Mary, you are a stupid moron. You are a particular ignoramus when it comes to holocaust history. You are just out of your league here. You need to be corrected about the facts and then shut up (just like I am supposed to do when I am “corrected” about the law and biology).

    You are so ignorant that you don’t even know that most people in Europe are very non-religious now — church attendance is very low in most European countries.

    It’s not like the Nazis had the records and then went to individual houses to arrest people. The Nazis just rounded people up en masse.

    If you wanted to exterminate, say, all of the Presbyterians, or all of the Methodists, or all of the Baptists in America, how would you do it? If you wanted to exterminate all of the Mormons, you could start by killing everyone in Utah, but you would kill a lot of non-Mormons in Utah and you would miss a lot of Mormons who live outside of Utah.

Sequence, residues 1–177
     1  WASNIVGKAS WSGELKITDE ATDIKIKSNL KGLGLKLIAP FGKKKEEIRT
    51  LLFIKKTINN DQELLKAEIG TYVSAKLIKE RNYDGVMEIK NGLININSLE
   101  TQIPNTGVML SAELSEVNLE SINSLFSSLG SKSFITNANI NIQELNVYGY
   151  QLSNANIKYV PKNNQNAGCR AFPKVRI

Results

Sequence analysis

Edwin Black, author of “IBM and the Holocaust,” thought that he had found the big secret about how the Nazis identified all of the Jews of Europe — the Nazis just used extremely primitive IBM Hollerith machines to correlate data stored on billions of IBM cards — never mind that those machines didn’t have such capability even if all that data were available. The book fell flat on its face.

    michaelf moans,

    You might want to read the comments before you go off…
    because didn’t even come close to bringing up the holocaust.